The Ceremonial Law as Acquired Virtue
The commandments of the Law of Moses require both interior and exterior acts. There are commandments which pertain to the heart (love of G-d, to love of neighbor, fear of G-d etc.) and commandments which pertain to the body (resting on the Sabbath, eating kosher food, etc.). Virtually all the commandments of Jesus relate to interior acts. True, he requires acts of charity. He requires us to feed the hungry, clothe the naked, visit the sick etc. but that is because those acts bear witness to love. It is the love that he requires, and it has been said by Catholic saints that, without love, even such acts are meaningless.
No Jewish theologian would ever say that about the commandments of the Law of Moses. The commandments of the ceremonial law have a profound religious value even if they are observed with no more than the minimal intention of acting to fulfill them. The acts of the ceremonial Law are spiritual exercises that operate on the heart through the body, so that they are efficacious and beneficial even when they are done as though all that was required was the external act itself (though, of course, doing them in that way reaps only the minimum benefit). That is why Paul could refer to himself as "blameless under the Law” (Phi. 3:6) even though he was acting out of "a righteousness of my own, based on law." That "righteousness of my own, based on law" is sufficient to move the body in the service of G-d. A Jew who does not recognize the possibility of moving the heart to G-d, as St. Paul clearly didn’t before his conversion (see Romans 7), is likely to believe that the external acts of the commandments are necessary for salvation, not because G-d is keeping a record of what was and was not done, but because it is only through the external acts that the heart—the essential man—is configured to holiness. He knows no other way.
Jesus taught that through faith, in cooperation with grace, a person can act upon his heart directly. That is why the commandments of Jesus all pertain to the heart. They are interior acts of devotion which are only possible in a state of grace. Some inferred from Jesus’ teaching that it was no longer necessary to act upon the heart through the body, i.e., through the acts of the ceremonial Law. So Jesus reaffirmed the importance of keeping the commandments (Matt. 5 & 23). Why, indeed, were they still important? Because, among other things, the commandments are to faith as the acquired moral virtues are to the infused virtues. A person who has, through education and instruction, acquired virtues conducts himself in a way which is consistent with man’s stature as a rational being. The infused virtues then perfect his conduct, as faith perfects reason and grace perfects nature. When a man lacks the acquired virtues, he can still receive the infused virtues, but he finds it hard to act upon them. He is more likely to experience infused virtue as a bad conscience rather than as an inspiration, and he may even reject it, because in the absence of virtue, he may have chosen for himself a way of life which cannot be reconciled with faith.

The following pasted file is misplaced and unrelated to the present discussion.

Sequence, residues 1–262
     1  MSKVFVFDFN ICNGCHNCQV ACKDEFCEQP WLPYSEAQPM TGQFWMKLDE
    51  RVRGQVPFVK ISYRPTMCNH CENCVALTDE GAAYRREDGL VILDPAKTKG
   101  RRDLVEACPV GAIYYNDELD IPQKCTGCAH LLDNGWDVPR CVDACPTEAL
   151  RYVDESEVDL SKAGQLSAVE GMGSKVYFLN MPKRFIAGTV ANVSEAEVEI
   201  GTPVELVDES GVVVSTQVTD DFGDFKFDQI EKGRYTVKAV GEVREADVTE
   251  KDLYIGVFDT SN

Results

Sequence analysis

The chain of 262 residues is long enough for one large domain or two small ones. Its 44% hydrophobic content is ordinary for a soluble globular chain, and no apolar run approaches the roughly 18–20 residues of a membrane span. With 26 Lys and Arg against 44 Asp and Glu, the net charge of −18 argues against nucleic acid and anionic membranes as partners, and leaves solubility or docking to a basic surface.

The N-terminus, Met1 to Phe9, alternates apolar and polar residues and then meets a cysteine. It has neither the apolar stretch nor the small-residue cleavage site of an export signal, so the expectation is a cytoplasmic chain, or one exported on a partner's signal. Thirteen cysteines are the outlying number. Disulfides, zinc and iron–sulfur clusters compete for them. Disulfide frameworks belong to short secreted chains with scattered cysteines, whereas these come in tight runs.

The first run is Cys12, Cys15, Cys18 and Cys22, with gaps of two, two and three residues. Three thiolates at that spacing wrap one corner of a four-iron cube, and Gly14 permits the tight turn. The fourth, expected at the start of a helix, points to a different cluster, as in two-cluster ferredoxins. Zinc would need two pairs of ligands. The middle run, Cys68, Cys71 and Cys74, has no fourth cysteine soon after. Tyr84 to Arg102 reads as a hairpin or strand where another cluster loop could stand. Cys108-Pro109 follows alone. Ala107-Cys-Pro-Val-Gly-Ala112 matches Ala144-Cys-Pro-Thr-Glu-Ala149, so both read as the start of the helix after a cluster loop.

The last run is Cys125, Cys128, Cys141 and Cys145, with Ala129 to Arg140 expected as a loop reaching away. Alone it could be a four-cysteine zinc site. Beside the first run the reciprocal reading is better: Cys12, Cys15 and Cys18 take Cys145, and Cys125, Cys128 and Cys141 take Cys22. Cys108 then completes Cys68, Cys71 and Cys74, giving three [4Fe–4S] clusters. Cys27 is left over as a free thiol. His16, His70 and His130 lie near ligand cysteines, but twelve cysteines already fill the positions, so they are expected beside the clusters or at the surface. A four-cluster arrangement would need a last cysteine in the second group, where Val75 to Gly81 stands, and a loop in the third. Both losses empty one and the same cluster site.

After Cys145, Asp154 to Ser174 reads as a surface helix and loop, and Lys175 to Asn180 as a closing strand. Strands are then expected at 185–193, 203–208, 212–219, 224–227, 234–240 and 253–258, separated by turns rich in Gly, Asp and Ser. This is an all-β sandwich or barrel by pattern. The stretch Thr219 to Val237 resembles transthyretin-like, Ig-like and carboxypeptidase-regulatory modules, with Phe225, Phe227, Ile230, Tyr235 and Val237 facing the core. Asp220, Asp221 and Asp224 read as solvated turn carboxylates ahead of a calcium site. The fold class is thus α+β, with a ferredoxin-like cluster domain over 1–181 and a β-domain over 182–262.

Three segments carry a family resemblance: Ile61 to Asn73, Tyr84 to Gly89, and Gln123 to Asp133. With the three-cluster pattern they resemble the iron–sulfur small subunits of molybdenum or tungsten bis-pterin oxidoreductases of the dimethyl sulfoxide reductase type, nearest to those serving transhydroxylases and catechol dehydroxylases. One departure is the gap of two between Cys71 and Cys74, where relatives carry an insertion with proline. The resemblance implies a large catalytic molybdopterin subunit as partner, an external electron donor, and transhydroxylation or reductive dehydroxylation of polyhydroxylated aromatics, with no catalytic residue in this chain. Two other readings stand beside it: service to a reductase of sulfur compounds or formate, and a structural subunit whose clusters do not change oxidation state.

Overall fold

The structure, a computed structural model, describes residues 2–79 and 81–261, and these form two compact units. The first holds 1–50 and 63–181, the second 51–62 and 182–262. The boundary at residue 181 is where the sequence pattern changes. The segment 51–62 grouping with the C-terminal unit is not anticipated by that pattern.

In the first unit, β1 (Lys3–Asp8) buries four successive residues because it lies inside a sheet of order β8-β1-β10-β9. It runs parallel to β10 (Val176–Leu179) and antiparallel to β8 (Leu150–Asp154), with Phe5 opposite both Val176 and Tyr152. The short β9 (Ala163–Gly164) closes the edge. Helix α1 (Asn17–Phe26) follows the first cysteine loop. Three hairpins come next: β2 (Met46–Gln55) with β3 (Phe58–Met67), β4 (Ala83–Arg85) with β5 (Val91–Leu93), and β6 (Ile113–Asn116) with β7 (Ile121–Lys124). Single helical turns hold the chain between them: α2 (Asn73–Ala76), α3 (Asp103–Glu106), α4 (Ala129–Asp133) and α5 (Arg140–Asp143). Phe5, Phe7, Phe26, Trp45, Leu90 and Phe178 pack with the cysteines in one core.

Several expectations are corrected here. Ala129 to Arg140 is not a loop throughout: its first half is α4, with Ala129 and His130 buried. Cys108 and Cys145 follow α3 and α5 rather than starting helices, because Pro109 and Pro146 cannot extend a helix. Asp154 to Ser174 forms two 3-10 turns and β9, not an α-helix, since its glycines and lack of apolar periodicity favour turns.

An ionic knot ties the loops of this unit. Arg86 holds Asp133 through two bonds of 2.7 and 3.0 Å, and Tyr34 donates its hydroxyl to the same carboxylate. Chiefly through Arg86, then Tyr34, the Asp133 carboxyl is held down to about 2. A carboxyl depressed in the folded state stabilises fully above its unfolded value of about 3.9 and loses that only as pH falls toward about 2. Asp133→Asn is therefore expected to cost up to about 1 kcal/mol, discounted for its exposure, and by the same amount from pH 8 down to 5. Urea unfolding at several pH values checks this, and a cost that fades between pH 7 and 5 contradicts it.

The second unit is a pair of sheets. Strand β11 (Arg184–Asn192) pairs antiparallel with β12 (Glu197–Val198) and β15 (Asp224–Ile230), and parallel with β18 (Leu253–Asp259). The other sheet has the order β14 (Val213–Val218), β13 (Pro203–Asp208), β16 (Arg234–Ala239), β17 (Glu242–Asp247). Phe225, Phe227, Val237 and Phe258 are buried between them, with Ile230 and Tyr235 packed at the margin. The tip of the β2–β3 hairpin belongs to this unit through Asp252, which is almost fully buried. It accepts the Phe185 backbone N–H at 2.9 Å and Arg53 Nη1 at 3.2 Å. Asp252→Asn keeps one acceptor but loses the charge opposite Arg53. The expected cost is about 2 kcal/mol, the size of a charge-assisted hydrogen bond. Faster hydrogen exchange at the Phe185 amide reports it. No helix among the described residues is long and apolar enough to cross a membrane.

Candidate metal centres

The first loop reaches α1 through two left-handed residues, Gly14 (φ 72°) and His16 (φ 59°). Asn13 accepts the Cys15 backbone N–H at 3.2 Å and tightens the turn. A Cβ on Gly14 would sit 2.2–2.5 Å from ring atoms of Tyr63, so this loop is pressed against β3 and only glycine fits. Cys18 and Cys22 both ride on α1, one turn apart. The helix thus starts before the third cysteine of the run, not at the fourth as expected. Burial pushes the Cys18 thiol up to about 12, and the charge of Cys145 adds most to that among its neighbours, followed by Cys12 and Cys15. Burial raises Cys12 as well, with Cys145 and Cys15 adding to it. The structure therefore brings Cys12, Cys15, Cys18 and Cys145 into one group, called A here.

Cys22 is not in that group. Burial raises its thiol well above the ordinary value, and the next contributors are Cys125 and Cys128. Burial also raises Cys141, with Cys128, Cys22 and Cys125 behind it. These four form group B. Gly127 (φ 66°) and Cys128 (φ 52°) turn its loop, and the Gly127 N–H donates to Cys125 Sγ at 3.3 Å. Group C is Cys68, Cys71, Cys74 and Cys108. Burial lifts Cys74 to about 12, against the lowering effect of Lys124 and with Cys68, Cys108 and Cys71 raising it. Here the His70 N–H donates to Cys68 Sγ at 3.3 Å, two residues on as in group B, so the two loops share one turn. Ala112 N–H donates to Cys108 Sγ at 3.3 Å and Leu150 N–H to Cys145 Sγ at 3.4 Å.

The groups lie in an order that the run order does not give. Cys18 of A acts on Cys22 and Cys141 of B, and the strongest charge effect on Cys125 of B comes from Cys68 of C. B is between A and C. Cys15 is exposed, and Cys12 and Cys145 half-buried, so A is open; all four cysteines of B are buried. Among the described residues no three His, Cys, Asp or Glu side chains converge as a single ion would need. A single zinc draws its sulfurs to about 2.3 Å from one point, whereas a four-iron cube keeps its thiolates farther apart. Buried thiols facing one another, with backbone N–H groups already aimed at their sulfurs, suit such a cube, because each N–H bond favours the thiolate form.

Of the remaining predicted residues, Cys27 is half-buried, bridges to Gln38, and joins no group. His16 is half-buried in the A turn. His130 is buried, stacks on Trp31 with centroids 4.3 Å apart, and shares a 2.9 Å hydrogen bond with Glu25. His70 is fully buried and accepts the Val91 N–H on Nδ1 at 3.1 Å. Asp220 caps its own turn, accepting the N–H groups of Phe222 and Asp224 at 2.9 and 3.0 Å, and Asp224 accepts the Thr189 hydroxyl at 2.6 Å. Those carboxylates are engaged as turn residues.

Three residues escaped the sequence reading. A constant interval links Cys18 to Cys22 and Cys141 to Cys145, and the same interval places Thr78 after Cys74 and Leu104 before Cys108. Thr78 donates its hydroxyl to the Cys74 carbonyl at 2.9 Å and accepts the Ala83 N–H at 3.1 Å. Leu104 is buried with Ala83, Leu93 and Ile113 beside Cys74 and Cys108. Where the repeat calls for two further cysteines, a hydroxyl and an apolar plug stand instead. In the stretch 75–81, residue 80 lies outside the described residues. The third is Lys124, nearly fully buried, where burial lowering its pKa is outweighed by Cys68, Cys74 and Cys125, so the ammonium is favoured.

The ceremonial law is a way of life, passed on from generation to generation, through education and repetition. Ordained by G-d, it is nevertheless, a natural pattern of conduct—natural because it can be maintained out of "a righteousness of my own," even by a person who is not in a state of grace—that is directed to man’s supernatural end. The observance of the commandments prepares the Jew for the perfection which grace brings, just as the acquired virtues prepare a person for the perfection of the infused virtues.The Ceremonial Law directs a person to live in a way that is consistent, not only with his stature as a rational being, but as a man of faith and child of G-d.
Now that the Church no longer suppresses the observance of the Law as though it implied a denial of the adequacy of Christian faith for salvation or, as a figure of Christ that anticipated him, a denial that he has come, the question arises: if the commandments are comparable to the acquired virtues with respect to faith, why shouldn't Christians keep them? There are many reasons, but I think that the ultimate reason is that the obligation to keep them arose out of the covenant of Sinai, and, of course, that covenant was made only with the people who were redeemed from Egypt, with the Children of Israel.
The rabbis teach us that derech eretz, i.e., the acquired virtues, precede Torah. The Ceremonial Law is not a substitute for the acquired virtues, but adds something to them which has specific importance for Jewish faith.Jesus admonished his Jewish disciples to keep the Law because, for the Jew, Christian faith perfects the faith which the Ceremonial Law promotes. Jesus wasn’t teaching the Jewish people another religion. He was teaching them Judaism. The Gentile does not know Christian faith as a perfection of Judaism. He’s not Jewish. He knows Christian faith as the universal faith, as the way that G-d addresses all mankind and calls him to holiness. That is the catholic faith of the Church and, within the Catholic faith, the sacramentals serve the purpose that the ceremonial Law has in Jewish faith.